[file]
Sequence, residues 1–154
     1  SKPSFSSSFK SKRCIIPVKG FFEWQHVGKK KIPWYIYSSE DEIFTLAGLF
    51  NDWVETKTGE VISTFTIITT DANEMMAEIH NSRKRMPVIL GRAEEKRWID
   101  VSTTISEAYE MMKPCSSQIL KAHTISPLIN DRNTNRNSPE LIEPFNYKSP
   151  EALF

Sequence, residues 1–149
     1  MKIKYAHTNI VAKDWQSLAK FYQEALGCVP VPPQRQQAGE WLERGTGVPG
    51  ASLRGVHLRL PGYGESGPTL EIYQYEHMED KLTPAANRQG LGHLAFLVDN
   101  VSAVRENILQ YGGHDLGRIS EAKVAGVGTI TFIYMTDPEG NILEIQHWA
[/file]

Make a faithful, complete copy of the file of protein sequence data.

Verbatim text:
Sequence, residues 1–154
     1  SKPSFSSSFK SKRCIIPVKG FFEWQHVGKK KIPWYIYSSE DEIFTLAGLF
    51  NDWVETKTGE VISTFTIITT DANEMMAEIH NSRKRMPVIL GRAEEKRWID
   101  VSTTISEAYE MMKPCSSQIL KAHTISPLIN DRNTNRNSPE LIEPFNYKSP
   151  EALF

Sequence, residues 1–149
     1  MKIKYAHTNI VAKDWQSLAK FYQEALGCVP VPPQRQQAGE WLERGTGVPG
    51  ASLRGVHLRL PGYGESGPTL EIYQYEHMED KLTPAANRQG LGHLAFLVDN
   101  VSAVRENILQ YGGHDLGRIS EAKVAGVGTI TFIYMTDPEG NILEIQHWA